I’ve peeled my kung fu movie to-watch list off of the Wu Tang Clan. When the Five Deadly Venoms was remastered and released in the theater by Alamo Drafthouse, Fightland was there to record the RZA’s intro speech, which was peppered with old school kung fu flics. I’ve been going through those slowly. RZA drops obscure films every time he speaks, no matter what the topic might be. Most every Wu Tang song has a sample that can be reverse engineered into a Shaw Bros flic, and the other members drop kung fu samples all the time, especially the GZA.
But the one that I had to view this past weekend was Eight Strikes of the Wildcat, a movie RZA name-checked in his second AMA for Reddit as the best worst kung fu movie he knew of. That’s a pretty bold statement.
Eight Strikes is a pretty standard kung fu flic in terms of plot. A gang of evil men seek the treasure and rampage through the Chinese countryside killing old masters and villagers, sometimes asking for the map, sometimes just killing everyone and sneering over the corpses. The gang is led by the Mole and his two grimy rodent sidekicks, Rat and Pangolin. In the first scene, they accost an old master who once ruled the region and ask him for the treasure map. When he refuses, beating down random rodent minions as well as Rat and Pangolin, Mole invokes his rodent mind control style over his two sidekicks, and they act as one. Their tri-partite rodent martial art takes down the old master and relieves him of half of the treasure map.
The gang then enters the nearest village, slaughtering and raping as they go, and kill the next master they find. Unfortunately for them, they fail to kill his female disciple, Xiao Hua. Mole hits her with a body shot that tosses her over a cliff and into a river (great use of a puppet in that scene) only to wash up at the feet of a hobo and his friend, a recluse master who happens to know the antidote to rodent style: wildcat stye!
Wildcat has a double meaning in Chinese. A woman who drifts into tomboy-ism—or even more provocative, displays a bit of sexual desire—can be labeled a wildcat. It’s a big deal to be called a wildcat. Some girls take to a tomboy label with pride, while others abhor it as if wildcat were synonymous with slut.
Women in China, especially in the media, are portrayed in archetypes that have filtered down and influenced generations of young girls. The pressure to conform is great, almost as great as the pressure to avoid certain categories.
One to avoid is the evil (step) mothers: represented by the Empress Cixi, who ruled in the last days of the Qing Dynasty, and the Empress Wu Ze Tian, who ruled during the height of the Tang dynasty. Traditional Chinese narratives describe them as power-hungry women with insatiable appetites and cruel, web-spinning tendencies, anomalies who overturn the Mandate of Heaven and invariably lead to ruin.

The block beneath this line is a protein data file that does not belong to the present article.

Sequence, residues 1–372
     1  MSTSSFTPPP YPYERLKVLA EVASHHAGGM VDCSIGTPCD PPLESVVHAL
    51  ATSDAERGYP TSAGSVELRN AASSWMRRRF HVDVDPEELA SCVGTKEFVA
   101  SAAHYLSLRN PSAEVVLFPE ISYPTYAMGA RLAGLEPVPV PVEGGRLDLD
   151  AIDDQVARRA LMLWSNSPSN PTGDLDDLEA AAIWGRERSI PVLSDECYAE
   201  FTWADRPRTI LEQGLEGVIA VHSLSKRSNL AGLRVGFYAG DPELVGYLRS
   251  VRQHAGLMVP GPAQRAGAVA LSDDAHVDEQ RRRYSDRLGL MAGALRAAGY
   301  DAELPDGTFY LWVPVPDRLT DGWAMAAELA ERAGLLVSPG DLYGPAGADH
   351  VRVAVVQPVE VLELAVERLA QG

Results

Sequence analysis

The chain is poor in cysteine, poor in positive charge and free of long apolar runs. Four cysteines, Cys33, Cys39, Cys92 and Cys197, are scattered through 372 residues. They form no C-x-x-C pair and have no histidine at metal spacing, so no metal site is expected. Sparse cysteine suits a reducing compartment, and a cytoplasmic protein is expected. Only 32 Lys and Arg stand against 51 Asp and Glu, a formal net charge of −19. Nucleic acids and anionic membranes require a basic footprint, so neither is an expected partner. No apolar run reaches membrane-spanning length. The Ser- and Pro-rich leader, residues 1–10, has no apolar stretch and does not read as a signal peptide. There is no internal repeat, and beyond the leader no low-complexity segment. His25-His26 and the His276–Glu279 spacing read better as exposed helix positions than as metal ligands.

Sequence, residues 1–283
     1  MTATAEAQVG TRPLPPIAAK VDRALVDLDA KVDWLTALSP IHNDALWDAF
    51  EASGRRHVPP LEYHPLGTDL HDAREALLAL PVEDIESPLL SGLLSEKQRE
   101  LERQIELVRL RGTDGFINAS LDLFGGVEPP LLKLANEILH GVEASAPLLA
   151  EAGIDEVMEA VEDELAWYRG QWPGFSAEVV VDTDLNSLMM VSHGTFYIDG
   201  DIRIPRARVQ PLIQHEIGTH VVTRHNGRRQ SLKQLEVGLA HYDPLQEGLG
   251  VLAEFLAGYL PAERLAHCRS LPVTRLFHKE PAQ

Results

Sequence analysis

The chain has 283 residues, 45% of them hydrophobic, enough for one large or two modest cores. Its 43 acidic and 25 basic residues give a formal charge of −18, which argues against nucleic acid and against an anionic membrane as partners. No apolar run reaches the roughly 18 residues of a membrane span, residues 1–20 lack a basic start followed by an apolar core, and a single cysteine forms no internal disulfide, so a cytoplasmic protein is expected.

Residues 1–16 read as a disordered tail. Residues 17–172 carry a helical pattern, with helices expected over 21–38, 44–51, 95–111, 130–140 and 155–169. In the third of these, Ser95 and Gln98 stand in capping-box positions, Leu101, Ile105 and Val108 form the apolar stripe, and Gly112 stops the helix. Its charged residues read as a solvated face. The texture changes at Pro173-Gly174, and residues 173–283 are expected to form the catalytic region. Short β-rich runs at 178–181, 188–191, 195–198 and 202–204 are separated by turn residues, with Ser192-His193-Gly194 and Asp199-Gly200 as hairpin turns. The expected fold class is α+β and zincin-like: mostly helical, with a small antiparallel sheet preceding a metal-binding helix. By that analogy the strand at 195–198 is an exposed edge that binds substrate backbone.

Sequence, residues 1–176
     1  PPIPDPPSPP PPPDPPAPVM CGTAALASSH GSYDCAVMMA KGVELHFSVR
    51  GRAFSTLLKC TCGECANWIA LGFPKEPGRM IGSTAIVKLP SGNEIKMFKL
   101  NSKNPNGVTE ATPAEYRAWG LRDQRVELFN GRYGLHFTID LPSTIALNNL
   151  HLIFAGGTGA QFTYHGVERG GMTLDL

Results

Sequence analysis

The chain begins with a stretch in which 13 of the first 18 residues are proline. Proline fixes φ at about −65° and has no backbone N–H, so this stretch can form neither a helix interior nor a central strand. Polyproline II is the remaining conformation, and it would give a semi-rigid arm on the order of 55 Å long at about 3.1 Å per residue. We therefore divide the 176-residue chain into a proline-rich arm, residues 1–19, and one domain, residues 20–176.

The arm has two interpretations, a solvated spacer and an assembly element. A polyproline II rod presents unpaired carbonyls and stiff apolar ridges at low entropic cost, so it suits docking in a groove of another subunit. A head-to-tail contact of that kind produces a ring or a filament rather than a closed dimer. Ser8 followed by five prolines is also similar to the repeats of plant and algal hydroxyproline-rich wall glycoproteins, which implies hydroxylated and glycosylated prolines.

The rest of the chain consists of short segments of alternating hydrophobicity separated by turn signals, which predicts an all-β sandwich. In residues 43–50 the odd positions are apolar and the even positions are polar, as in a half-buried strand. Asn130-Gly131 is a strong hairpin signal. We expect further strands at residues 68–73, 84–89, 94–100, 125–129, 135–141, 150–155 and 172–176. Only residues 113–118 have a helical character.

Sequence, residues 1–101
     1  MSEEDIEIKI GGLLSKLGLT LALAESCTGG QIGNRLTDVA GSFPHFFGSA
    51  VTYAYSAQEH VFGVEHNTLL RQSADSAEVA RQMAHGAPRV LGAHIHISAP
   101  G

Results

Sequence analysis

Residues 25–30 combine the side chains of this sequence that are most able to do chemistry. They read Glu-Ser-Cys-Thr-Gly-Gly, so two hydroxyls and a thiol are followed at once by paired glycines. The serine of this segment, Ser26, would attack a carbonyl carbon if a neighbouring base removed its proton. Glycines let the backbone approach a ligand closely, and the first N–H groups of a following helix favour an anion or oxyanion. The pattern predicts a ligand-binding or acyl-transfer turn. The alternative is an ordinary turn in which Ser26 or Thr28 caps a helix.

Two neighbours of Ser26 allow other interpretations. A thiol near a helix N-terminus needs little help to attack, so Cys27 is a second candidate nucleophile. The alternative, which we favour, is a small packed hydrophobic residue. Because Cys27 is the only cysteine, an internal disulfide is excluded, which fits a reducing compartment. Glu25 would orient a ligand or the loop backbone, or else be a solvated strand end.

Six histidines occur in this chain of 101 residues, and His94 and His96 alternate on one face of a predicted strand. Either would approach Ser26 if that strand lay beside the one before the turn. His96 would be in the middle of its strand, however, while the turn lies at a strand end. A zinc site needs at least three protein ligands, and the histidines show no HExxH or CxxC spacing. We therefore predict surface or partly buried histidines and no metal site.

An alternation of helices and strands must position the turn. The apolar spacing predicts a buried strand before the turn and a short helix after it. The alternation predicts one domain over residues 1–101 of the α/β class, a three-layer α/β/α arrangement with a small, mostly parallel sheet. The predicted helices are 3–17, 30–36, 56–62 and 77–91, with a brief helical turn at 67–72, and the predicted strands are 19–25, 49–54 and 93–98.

Most “good girls” aspire to be the maiden, beautiful and helpless, pure and cherished; the princess who needs her prince. Occasionally this maiden crosses over into wildcat style and becomes an alluring yet dangerous tomboy, deceptive and vengeful. She can rub up against you and purr, or slash your eyes out. Depends. This particular incarnation of the feminine makes men soil their pants, so in patriarchal China, it’s to be avoided.
The more modern struggle women face in China is that of the “leftover women,” women who are too awesome for Chinese men to handle, and who therefore find it hard to get married: wildcats gone too far, as a Chinese man might whine.
But traditional martial arts have always twisted these narratives a bit. Films that came out in the 1970s and 80s reflect that, as do more recent ones, like Crouching Tiger, Hidden Dragon for example. The world of rivers and lakes has always had room for the female warrior, albeit one who must eventually submit to a more powerful (often righteous) male warrior in order to avoid upsetting the balance of heaven. Chinese martial artists may accept the feminine, moon-drenched warrior-princess, but traditional narratives frown upon an outright victory over the masculine. It must be a constant struggle.
In Eight Strikes, Xiao Hua studies and eventually masters wildcat style, using the full extent of the style to defeat the rodent clan. She not only hangs with the three main bad guys in a physical fight, but she also shows how classic feminine wiles can always put a foolish man off guard. Those wiles (and her fighting style) don’t work on the main bad guy, the Mole, but that’s where a bit of help from the bumbling hobo comes in. Most kung fu flics end with the righteous hero defeating the overwhelmingly powerful villain with a bit of help from friends, so an ally jumping in doesn’t necessarily diminish the power of the womanly wildcat style.
There is an interesting tension in the way women are portrayed in martial arts movies like Eight Strikes. They’re alluring and vulnerable, yet fierce and able to carry on when men fail. The yin-yang push and pull of the two forces is never truly over, there is no resolution with one or the other on top. Chinese philosophy has that struggle at its core; interesting to see it filter on down into bad kung fu films and influence guys like the RZA.
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